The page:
December is here again, and we’ve tackled another year of physiology facts on the I Spy Physiology blog. This year, we’ve delved into topics ranging from the link between childhood stress and medical problems in adulthood, to how researchers use virtual reality in the classroom to teach physiology, to the many reasons why marriage is … Continue reading 2018’s Most-read Posts
My two young children absolutely love to beat on drums (or tables, chairs, any flat surface really). I recently took them to a family-oriented drum circle. They had a blast, and I was surprised at how good I felt too, both during and after the event. It turns out all that drumming—especially with others—is beneficial … Continue reading March to the Beat of Your Own Drum
Each year, scientists who study physiology and other biomedical research fields—including anatomy, biochemistry, pathology and pharmacology—gather at the Experimental Biology (EB) meeting. Scientific meetings such as EB provide a platform to present and learn about new and cutting-edge research and form collaborations with colleagues that can lead to advances in science and medicine. This year’s … Continue reading Meditation, Stress and Mental Fatigue: Research from Experimental Biology 2018
About 35 million adults in the U.S. may develop high blood pressure because of negative events that happened to them during childhood. Researchers are exploring how an event you experience when you’re a kid can cause high blood pressure as an adult. About 35 million children in the U.S. experience early-life stress (ELS). ELS is … Continue reading Childhood Stress + Immune Overactivity = High Blood Pressure in Adulthood?
If getting more exercise is one of your New Year’s resolutions, here is another reason to stick with it: daily exercise—which is known to lower blood pressure—has also been shown to reduce stress and anxiety. I am not the first to notice that physical activity improves my ability to respond to stressful situations, but as … Continue reading Relieve Stress and Anxiety with Exercise in the New Year
If you tend to see the proverbial glass as half empty instead of half full, you may want to rethink your position. Looking on the bright side and expecting good things to happen may have a positive effect on your physical health. An optimistic outlook on life may reduce your cardiovascular disease risk, lower blood … Continue reading Look on the Bright Side—It May Improve Your Health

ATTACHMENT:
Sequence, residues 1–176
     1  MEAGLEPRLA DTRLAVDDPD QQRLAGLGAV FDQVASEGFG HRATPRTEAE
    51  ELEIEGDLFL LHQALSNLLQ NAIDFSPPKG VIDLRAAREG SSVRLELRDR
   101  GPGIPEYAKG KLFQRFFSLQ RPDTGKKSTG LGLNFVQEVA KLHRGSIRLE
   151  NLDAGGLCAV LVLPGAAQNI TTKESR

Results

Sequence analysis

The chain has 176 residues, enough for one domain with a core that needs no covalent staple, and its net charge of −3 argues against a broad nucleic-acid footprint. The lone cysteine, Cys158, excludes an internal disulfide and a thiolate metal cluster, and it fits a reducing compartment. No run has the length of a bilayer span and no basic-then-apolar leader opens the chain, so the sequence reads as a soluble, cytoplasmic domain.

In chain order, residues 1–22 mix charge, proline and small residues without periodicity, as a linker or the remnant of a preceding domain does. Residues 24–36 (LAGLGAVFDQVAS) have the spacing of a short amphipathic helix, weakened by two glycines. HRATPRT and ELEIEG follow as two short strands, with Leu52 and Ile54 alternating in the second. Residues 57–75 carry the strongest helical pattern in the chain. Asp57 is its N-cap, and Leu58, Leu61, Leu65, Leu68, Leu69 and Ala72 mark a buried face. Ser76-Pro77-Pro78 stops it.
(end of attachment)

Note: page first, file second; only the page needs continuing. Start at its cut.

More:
“I’m not flexible enough to do yoga!” In my 12 years as a yoga instructor, this is the excuse I have heard most often for why people aren’t practicing yoga. My initial response is usually, “That’s exactly why you should be practicing yoga!” However, I am also an assistant professor of physiology, and I know … Continue reading Yoga + Deep Breathing = A Calmer You
While walking through Santiago, Chile, you are likely to come across at least one of the countless wandering dogs that live on the busy streets. Homeless dogs are a normal part of Santiago’s culture. They are quick to make friends with anyone who offers a welcoming hand or food. They are not quick, however, to … Continue reading Dog Gazing: Attachment between Hound and Human
Physiology, the study of function from microscopic cells to complete organ systems, encompasses a wide range of fascinating topics. The annual Experimental Biology (EB) meeting is a showcase for thousands of researchers studying humans and animals alike. Check out some of the research presented at last month’s meeting in Chicago: Most people know that walking … Continue reading Walking and the Brain, Aromatherapy for Horses and a Whole Lot More!
In medieval times, a jousting knight would wear the colors of the lady he was courting tied around his arm. Hence, the phrase “Wear your heart on your sleeve” was born. Today, we use this romantic phrase to describe someone who expresses their emotions openly. How applicable that ancient phrase really is to maintaining a … Continue reading Go Ahead, Wear Your Heart on Your Sleeve!